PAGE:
Salvia: A Plant Teacher for Grounding & Presence
Although the Salvias are sometimes referred to as warming, I have always experienced them as cooling, with certain Sages being downright cold (S. apiana springs to mind) Their astringent qualities point to a drying affect but I think of them as balancing to the bodily fluids, as are many members of the Mint family. I’ve also noticed that the temperature conundrum is also common to many mint family plants, as is their seemingly strange tendency to be called simultaneously stimulating and sedating. In fact, I feel that the energetics of many of the Mint family are innately balancing and this is part of the integral medicine of this plant family.
Historical & Modern Usage of the Many Sages
My main use of our local blue-flowered Sage (S. subincisa also known as Sawtooth Sage) has been for grounding/anti-anxiety purposes… it has worked extremely well for the shaking, nervousness, inability to focus, etc that I’ve experienced since childhood and has allowed me the space and feeling of safety and calm necessary to deal and heal. I have also used the tincture to stop stress-induced tachycardia on numerous occasions. Chinese Sage root (S. militiorrhiza) is a traditional heart and circulation remedy and I wonder if our sages might possess like actions. I have given Sawtooth Sage to clients exhibiting a similar symptom picture to mine with great results every time. It has also been successful as a general grounding agent post-dentistry and post-trauma.
I recently noticed that my experiences closely correspond to the use of blue Salvia flower essence for grounding and also Paul Bergner’s use of Salvia flower essence for extreme stress, I have no experience with flower essences and so was quite surprised and pleased to discover this.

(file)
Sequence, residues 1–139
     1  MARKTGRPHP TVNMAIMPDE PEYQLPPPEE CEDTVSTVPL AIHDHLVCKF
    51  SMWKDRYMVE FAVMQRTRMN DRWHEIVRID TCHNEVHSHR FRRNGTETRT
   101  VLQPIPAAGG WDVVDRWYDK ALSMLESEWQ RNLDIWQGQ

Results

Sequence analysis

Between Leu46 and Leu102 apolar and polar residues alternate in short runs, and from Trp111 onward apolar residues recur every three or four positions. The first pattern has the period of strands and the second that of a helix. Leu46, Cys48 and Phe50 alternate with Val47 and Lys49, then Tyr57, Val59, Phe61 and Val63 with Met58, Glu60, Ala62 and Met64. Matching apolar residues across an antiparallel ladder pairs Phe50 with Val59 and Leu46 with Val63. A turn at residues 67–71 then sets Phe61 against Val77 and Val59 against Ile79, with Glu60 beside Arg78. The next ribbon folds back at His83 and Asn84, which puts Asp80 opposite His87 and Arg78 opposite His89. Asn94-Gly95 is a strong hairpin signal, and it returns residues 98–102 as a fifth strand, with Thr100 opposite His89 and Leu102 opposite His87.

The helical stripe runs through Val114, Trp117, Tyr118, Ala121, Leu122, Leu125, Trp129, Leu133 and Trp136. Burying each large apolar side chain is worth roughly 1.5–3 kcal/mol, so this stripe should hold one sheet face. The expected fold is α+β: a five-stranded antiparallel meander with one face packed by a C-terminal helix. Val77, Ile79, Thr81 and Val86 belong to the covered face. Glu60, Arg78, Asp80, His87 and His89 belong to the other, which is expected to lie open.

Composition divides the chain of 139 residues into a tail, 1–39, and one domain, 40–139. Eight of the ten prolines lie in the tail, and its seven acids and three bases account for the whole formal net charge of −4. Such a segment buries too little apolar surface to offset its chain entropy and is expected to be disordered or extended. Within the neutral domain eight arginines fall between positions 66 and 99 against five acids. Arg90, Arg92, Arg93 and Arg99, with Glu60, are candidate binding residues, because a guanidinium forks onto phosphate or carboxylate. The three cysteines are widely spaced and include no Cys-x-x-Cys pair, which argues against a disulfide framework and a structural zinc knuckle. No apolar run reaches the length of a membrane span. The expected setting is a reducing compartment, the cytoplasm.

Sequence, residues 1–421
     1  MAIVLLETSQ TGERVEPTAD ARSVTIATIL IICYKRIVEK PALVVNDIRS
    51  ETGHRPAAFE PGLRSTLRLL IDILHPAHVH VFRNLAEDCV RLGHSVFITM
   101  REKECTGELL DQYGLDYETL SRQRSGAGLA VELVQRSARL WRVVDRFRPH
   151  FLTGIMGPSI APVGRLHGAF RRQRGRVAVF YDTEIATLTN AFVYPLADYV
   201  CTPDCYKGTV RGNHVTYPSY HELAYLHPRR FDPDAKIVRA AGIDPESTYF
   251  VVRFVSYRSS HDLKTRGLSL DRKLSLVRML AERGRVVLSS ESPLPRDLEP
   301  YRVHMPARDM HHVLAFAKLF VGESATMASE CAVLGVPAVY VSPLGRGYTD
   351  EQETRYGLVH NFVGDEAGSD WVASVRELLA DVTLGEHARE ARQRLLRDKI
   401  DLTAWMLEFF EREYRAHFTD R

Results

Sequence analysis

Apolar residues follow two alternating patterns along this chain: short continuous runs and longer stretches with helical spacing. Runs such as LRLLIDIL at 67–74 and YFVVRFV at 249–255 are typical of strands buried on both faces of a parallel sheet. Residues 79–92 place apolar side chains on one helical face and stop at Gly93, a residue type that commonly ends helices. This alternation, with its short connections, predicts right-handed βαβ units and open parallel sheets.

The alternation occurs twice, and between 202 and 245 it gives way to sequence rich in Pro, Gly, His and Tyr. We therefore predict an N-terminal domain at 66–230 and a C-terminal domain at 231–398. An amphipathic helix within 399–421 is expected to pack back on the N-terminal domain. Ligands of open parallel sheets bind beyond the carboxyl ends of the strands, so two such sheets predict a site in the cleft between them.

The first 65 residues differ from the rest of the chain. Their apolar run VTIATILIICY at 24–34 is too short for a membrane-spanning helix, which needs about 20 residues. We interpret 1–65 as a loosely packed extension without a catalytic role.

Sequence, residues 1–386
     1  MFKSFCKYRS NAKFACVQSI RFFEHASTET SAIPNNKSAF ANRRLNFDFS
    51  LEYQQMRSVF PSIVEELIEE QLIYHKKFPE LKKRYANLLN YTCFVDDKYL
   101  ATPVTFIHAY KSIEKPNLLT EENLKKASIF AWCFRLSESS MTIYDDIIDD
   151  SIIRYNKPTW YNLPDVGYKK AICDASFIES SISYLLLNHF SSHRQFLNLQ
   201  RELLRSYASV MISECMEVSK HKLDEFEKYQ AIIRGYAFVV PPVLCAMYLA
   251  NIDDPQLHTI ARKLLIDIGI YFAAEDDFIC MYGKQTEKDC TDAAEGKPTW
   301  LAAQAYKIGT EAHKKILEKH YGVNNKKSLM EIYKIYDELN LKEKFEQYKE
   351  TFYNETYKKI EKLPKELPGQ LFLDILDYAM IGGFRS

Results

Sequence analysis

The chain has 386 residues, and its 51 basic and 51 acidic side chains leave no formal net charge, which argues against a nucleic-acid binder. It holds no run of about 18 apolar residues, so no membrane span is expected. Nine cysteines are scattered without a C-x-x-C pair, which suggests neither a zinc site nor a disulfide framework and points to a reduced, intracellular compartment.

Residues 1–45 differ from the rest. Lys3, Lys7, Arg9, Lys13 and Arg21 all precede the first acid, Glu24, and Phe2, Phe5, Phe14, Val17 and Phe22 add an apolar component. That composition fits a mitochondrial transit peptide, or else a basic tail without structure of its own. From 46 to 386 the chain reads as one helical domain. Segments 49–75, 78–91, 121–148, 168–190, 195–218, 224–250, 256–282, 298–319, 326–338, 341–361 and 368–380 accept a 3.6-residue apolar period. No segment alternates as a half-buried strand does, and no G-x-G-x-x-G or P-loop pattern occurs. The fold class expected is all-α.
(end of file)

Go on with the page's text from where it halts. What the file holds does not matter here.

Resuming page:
The common Salvia officinalis works similarly but seems to require a larger dose. It is more amenable to tea and food uses, and even as a pleasant and mild smoke or smudge. Maude Grieve quotes Gerard as saying “Sage is singularly good for the head and brain, it quickeneth the senses and memory… restores health to those that have the palsy, and taketh away shakey trembling of the members.” Grieve herself says, “Sage is a valuable agent… in the nervous excitement frequently accompanying brain and nervous diseases… It is highly serviceable as a stimulant tonic in debility of the stomach and nervous system…” T. J. Lyle writes “The leaves are a pleasant, mild, diffusive, stimulating tonic, slightly astringent. In hot infusion it is gently diaphoretic and quite soothing to the nerves” and William Cook recommends Sage for its nervine properties.
I believe there’s something in all of the Salvias that help us let go of the past and be completely present. This is a specific kind of grounding that connects us to our real selves, calming without distancing ourselves from the issues at hand, simply soothing us enough to look life in the face. I think of the Salvias as mother plants, protective and nurturing while teaching us how to take care of ourselves. In a funny way, I feel this corresponds with the old saying that where a sage plant grows well, there lives a strong woman.
Extreme stress, nervousness, stress headaches, nervous stomach, shaking, dizziness, heart palpitations, inability to mother, nurture or protect one’s self, dissociative disorders with panic, nervous exhaustion…
Science Confirms Experience (Again)
A recent article published by HerbalGram (http://www.herbalgram.org/youngliving/herbalgram/articleview.asp?a=3035&p=Y) explored studies done on S. officinallis’ effect on mood, anxiety and performance. The studies concluded that sage increased alertness, calmness, and contentedness in human trials with a mechanism quite similar to Lemon Balm. This conclusion is in harmony with my own sage experiences and I’m very pleased to see this info available to a larger audience. It’s wonderful when common and widely available plants such as Sage or Elder get some credit in the midst of the Pharma-marketing of endangered or exotic plants and their constituents. Using these plants allows people to grow them in their house or garden, to get to know the plant personally, providing a more intimate and powerful form of healing.
A Cornucopia of Salvias